Kaplan’s Zionism, then, remains a source of inspiration, in cases when his pragmatist opinion remained valid for us, as well as in cases where his radical opinion needs some revisions. In fact, in an age when a convicted terror activist was appointed by Netanyahu as a minister in Israel’s government, the tension between pragmatism and radicalism is worthy of further reflection. Kaplan, like most intellectuals, embraced both pragmatism and radicalism, at times even dogmatism. In any event, his penetrating understanding of Jewish civilizational processes more broadly, remains vital and stimulating. 

From Rabbi Bob Gluck

Givat Haviva, Israel and a vision of a shared society, in light of Mordecai Kaplan’s teachings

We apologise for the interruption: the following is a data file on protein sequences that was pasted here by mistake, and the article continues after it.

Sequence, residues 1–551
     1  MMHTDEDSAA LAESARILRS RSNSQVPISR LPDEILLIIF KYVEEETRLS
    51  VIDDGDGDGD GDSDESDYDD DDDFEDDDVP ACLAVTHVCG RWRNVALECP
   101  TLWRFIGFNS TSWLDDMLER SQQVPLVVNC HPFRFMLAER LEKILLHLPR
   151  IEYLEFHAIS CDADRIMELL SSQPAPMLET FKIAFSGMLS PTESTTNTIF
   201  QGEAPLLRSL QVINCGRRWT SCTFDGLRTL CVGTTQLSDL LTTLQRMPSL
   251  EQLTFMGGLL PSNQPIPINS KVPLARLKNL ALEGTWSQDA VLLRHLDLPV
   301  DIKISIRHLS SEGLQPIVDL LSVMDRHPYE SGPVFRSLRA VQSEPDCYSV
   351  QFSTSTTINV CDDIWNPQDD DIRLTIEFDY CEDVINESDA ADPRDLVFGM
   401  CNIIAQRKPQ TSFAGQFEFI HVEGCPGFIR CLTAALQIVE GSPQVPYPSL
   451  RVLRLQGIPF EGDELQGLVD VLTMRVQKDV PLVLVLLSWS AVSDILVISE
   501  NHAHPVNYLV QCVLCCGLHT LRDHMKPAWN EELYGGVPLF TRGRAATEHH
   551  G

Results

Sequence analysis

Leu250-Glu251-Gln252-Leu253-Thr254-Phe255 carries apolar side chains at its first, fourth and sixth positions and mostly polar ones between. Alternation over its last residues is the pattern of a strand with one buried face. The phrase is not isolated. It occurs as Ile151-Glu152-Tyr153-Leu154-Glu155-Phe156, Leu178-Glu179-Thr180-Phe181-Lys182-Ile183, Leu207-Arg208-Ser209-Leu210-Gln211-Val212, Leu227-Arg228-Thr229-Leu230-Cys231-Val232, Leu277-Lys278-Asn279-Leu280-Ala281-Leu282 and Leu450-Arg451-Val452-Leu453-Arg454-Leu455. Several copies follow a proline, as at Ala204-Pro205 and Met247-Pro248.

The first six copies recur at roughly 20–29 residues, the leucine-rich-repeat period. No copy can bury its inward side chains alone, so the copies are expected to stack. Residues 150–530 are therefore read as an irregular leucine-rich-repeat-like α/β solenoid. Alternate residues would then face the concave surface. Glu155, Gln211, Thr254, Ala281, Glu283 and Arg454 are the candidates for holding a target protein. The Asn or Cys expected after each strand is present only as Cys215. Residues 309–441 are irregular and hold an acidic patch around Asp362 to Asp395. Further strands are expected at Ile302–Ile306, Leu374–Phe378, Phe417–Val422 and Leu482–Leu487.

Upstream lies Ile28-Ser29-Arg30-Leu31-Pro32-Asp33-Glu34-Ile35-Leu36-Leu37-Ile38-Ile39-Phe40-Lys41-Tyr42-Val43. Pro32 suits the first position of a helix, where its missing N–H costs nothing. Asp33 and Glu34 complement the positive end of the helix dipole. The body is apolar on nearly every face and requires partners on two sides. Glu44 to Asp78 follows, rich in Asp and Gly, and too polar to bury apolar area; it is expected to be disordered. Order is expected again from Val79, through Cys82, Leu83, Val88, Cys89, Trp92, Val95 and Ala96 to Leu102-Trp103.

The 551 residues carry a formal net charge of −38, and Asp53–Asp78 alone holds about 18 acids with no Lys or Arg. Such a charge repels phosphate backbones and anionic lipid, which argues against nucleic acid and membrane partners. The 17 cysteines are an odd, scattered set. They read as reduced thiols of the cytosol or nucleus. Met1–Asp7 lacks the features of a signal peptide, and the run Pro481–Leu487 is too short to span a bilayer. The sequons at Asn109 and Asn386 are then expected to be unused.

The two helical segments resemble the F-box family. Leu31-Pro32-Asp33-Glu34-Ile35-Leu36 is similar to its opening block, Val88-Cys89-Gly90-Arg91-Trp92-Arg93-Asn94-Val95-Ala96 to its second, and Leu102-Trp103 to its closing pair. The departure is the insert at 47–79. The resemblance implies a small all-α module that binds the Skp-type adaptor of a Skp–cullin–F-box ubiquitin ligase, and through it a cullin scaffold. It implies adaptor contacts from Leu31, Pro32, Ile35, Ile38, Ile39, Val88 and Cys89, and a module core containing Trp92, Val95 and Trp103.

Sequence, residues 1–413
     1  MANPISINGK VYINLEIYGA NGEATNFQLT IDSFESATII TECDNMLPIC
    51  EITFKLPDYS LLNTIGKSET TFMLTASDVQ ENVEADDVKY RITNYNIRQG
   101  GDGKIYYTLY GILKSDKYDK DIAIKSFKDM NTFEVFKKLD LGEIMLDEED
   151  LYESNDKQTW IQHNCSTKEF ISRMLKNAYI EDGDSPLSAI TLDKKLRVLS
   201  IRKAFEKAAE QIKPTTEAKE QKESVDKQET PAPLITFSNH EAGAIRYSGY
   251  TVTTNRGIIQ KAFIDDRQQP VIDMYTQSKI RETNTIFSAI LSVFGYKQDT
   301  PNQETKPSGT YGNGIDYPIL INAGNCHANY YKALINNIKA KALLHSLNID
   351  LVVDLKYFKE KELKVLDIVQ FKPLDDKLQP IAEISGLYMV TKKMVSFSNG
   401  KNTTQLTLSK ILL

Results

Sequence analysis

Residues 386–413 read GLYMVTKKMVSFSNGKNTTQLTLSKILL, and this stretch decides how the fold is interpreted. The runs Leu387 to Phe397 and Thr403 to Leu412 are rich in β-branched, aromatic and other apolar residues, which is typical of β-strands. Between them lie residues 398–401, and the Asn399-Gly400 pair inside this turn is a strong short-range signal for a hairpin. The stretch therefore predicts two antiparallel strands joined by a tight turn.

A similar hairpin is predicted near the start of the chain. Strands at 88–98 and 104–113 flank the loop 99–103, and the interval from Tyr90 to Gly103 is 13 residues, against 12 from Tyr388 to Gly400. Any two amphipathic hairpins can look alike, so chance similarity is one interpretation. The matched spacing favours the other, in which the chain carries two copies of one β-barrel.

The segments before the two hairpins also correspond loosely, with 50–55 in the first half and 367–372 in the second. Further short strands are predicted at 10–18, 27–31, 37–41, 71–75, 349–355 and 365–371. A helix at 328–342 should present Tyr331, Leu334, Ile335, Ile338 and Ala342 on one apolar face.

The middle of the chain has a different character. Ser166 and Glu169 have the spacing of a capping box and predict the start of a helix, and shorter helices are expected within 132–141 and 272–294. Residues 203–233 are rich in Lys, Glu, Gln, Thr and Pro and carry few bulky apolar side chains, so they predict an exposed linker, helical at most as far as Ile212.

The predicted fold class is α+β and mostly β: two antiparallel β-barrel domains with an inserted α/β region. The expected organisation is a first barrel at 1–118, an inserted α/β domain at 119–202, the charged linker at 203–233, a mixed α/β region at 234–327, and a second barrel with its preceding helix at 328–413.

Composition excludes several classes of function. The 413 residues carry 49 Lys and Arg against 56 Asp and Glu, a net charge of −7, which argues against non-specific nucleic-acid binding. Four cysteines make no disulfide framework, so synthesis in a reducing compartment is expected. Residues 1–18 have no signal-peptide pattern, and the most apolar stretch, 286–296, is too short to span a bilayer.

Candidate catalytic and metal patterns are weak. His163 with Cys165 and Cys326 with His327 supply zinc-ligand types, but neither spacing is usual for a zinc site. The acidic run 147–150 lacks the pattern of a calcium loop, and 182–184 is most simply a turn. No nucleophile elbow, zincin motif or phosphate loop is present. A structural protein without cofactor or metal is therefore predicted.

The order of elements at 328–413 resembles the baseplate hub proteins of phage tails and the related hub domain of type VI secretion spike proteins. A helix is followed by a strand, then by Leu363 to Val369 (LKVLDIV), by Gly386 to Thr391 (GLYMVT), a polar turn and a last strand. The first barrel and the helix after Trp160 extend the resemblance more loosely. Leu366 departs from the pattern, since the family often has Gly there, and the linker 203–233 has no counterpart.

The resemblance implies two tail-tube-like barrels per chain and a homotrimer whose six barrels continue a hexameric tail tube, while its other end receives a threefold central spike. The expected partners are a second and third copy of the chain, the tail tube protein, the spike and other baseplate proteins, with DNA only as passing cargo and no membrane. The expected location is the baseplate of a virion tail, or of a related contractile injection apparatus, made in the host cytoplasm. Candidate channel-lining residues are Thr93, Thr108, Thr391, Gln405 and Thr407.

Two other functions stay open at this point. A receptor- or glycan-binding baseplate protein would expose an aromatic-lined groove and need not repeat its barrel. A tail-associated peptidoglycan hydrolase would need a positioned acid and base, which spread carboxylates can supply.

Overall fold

November 6, 2023

Maybe it is precisely during times when peace between Jews and Palestinians seems most distant and unattainable that it is most essential for us to maintain a long view. As difficult as this may seem to place the politics aside, Israel’s sustainable, secure, and just existence may well depend upon some vision of a shared society. Concurrent with the unabating struggles regarding the West Bank and Gaza, there are cities and villages within Israel that have mixed or adjoining Jewish and Palestinian/Arab populations.